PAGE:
Adding 2 random variables that can be described by the normal model AP Statistics B
Outline of lecture • Review of Ch 16, pp.376-78 (Adding or subtracting random variables that fit the normal curve)—last of Ch 16 • Follow along in the text • Remember that you can download this PowerPoint and a smaller, un-narrated one from the Garfield web site • Write down slide number if you don’t understand anything
First thing: make a picture, make a picture, make a picture! • Well, actually, a table, but a table IS a kind of picture, right?
Preliminaries: set-up and assumptions Setting up: NOTE: NOT time to get an entire box packed for sending; rather, we are only packing, not boxing! • P1=time for packing 1st stereo system • P2=time for packing NEXT stereo system • T=P1+P2 Assumptions: • Normal models for each RV • Both times independent of each other
Step one: calculate expected value (aka find the mean) • Remember that the expected value (EV) is a fancy word for finding the mean. • And with the mean, the EV sum of two random variables is the sum of their means:
Application to the packing and boxing problem • Mean (EV) of packing 1ST system is 9 min • Mean (EV) of packing 2nd system is also 9 min • Therefore:
Calculate standard deviation just like we have before • Nothing new, same old formula:
So what? • (You should always ask yourself “so what?” when somebody tells you to do something) • Well, we know that we had two RVs (random variables, not recreational vehicles; this is statistics, after all, not an auto show) that have a normal distribution. • So we now have a normal distribution and know the mean and standard deviation. • In statistical terms: N(18, 2.12) • Now we can evaluate this using what we learned in Ch. 6! A seriously big deal!
Q: What is the probability that packing 2 consecutive systems takes over 20 min? • This is the question we need to answer. • Remember the z-formula from Ch 6? • Write it down, and we’ll apply it on the next slide.
Setting up the problem • We already know the mean and standard deviation from our earlier calculations: 18 and 2.12, respectively. • The “y” value we are looking for is 20, so we set up the solution thusly:
Are we done yet? • Of course not. • Our goal is to find the probability that it will take MORE than 20 minutes to package 2 consecutive stereo systems. • The z-value of 0.94 simply means that the area to the LEFT of that point on the z-table (text, A79-A80) will be the probability that packaging will take LESS than 20 minutes.
Draw a picture! • The probability we get for z=0.94 is the dark blue area on the left. • However, we’re interested in the light blue area that’s ABOVE z=0.94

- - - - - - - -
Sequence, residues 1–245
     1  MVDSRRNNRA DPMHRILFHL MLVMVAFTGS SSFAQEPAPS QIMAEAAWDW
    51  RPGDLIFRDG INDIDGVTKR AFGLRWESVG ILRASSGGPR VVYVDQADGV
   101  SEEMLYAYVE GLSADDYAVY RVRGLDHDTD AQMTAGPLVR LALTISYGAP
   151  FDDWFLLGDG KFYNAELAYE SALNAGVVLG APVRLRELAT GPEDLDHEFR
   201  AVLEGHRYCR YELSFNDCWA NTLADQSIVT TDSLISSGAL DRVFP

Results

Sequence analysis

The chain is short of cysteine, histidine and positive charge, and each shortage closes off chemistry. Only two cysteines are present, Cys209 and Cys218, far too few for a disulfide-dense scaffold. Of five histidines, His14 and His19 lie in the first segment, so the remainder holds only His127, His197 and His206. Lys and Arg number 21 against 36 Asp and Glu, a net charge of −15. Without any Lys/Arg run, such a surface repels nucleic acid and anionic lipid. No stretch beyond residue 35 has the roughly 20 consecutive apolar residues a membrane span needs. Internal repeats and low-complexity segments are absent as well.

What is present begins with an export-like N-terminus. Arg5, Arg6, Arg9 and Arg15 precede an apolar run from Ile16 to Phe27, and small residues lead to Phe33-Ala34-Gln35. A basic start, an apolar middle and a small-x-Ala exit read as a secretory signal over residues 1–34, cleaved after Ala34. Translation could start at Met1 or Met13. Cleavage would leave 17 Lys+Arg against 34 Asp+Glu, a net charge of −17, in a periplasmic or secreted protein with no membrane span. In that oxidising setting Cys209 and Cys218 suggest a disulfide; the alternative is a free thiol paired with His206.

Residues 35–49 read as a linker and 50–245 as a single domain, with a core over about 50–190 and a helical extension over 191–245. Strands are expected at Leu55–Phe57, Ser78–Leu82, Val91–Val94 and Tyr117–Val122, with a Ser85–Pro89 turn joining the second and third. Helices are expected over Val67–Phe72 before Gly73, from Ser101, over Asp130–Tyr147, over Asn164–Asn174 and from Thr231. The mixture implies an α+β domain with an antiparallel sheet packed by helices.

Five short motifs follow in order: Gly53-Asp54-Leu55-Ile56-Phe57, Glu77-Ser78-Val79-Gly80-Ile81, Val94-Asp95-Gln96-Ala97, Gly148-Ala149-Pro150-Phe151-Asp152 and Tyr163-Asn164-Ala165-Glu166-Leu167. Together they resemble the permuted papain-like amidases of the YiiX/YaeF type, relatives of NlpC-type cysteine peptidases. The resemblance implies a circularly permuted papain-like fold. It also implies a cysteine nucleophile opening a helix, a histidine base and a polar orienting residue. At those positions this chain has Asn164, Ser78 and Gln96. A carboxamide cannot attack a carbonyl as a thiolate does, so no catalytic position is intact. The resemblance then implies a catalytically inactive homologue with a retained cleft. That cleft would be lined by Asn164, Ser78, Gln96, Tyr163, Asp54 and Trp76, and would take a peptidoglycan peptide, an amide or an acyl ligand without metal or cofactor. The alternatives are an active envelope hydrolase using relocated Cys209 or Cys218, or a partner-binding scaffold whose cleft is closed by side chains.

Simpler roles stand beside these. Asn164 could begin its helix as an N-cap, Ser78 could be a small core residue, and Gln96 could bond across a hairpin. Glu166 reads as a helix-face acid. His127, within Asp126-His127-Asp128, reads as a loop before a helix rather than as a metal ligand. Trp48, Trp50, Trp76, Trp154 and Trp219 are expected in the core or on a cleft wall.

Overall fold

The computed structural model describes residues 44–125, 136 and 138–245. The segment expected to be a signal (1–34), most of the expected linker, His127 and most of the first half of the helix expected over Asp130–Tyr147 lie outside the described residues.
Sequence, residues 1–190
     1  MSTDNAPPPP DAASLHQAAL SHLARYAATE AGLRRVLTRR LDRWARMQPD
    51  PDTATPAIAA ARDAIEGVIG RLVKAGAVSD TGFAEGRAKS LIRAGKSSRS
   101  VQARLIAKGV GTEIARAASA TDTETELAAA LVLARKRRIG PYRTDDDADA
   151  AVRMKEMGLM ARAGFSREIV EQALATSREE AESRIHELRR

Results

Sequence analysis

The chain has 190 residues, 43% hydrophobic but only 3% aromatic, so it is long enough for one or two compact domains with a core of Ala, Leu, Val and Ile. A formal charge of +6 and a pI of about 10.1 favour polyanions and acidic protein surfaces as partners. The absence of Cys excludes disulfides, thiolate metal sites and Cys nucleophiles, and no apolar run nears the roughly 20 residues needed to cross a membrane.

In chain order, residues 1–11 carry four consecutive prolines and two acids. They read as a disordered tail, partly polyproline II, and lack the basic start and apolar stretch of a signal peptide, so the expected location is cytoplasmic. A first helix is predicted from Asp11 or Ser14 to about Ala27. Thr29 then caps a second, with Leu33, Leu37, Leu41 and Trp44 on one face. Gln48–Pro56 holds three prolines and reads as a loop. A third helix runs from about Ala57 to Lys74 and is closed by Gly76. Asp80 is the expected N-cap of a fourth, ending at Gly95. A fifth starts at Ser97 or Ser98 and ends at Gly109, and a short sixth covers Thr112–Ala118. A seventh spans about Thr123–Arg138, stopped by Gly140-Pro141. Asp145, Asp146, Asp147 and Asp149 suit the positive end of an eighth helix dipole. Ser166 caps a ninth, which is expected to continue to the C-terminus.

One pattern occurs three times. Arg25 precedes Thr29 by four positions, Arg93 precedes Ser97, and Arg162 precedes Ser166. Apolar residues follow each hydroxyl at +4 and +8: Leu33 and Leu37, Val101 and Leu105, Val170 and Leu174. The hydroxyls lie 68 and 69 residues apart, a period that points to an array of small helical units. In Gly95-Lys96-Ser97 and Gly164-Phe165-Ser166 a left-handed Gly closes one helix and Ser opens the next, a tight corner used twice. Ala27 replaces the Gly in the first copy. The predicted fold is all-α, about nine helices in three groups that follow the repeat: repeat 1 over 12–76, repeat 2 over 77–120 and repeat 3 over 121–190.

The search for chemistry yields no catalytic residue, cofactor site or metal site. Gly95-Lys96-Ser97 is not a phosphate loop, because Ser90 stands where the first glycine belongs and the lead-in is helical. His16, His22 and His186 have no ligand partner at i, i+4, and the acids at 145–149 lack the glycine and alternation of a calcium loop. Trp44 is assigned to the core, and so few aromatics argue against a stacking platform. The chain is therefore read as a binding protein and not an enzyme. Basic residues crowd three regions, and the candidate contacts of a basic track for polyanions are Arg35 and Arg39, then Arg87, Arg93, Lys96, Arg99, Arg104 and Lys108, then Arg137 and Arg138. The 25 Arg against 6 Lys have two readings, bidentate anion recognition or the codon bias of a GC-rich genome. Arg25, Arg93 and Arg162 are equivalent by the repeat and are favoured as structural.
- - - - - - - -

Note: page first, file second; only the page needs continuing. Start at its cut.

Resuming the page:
But first….. • Remember that our table only measures the cumulative probability to the LEFT of the value. • That’s all we have, so let’s find it, and then answer the question more directly.
How to use the table • It’s been a while, but get the X.x value on the inner column, and the 0.0x value across the top. The intersection is where the value lies, and looks like this:
Finding the probability to the left of 0.94 • Since 0.94>0, look on p. A-80 • Find 0.90 along the z-column on the far left • Read across the top row to 0.04 • The intersection of the 0.90 row and the 0.04 is the percentage of the normal curve to the LEFT of 0.94….. • ……which should be 0.8294
What are we looking for? • Not the blue area to the LEFT, but the clear area to the RIGHT of 0.94 • Calculate by subtracting the area to LEFT from 1: • 1.0000-0.8294=0.1706
Why the difference from the textbook? • Beats me. • But 0.1706 isn’t all THAT different from 0.1736…3 parts in a thousand.
Back to interpretation • We get a z-value of just over 17%. • That means, in everyday language, that there’s only a 17% chance (probability) that it will take more than 20 minutes to package 2 consecutive stereo systems. • NOTE: the AP exam expects you to write out things like this
What percentage of stereo systems take longer to back than to box? Next question(bottom of page 377)
Set-up on questions like this is crucial • The key is to realize that you don’t set it up as an inequality, exactly. • That is, the question is NOT P>B • Rather, the question is whether P-B>0. • We pick a different variable (D for “difference”) and define it as D=P-B
Why do we do it like this? • We now can ask a specific question, namely what’s the expected value of D? • In statistical terms, we have E(D)=E(P-B). • We can now calculate these values using what we’ve learned in Ch 16 and combining it with the normal model from Ch 6.
First the mean,then the standard deviation • E(D)=E(P-B)=E(P)-E(B) • E(P) we get from reading the mean for packing right off the table • We get E(B) the same way. • E(P)-E(B)=9 min – 3 min = 6 min
Calculating the standard deviation • I like to calculate the SD directly, but you can start with the variance, and then take the square root. • Var(D)=Var(P-B)=Var(P)+Var(B) • =1.52+ 1.02 (from the table)=2.25+1=3.25 • σP-B=(3.25)½=1.8 min (approximately)
Now we have the normal model • i.e., N(3, 1.80) • We are interested only in the values that are GREATER than 0, i.e., to the RIGHT of the value, like the purple:
Now, to calculate • Same as we did before (Slide 9): • By table A-79, z=-1.67 has 0.0475 to its LEFT, but we want the area to the RIGHT • So subtract from 1 and get 0.9525.
Interpreting the result • We have determined the percent of the time where P-B>0 • In other words, 95.25% of the time, it takes longer to pack the boxes than to box them. • How do we know? Because P-B is positive ONLY when P>B (otherwise, the difference would be negative)
Exercise • Do Exercise 33 on p. 383-84 of the textbook • Take 10-15 minutes to complete all parts. • Review your answers with Ms. Thien, who has them all worked out.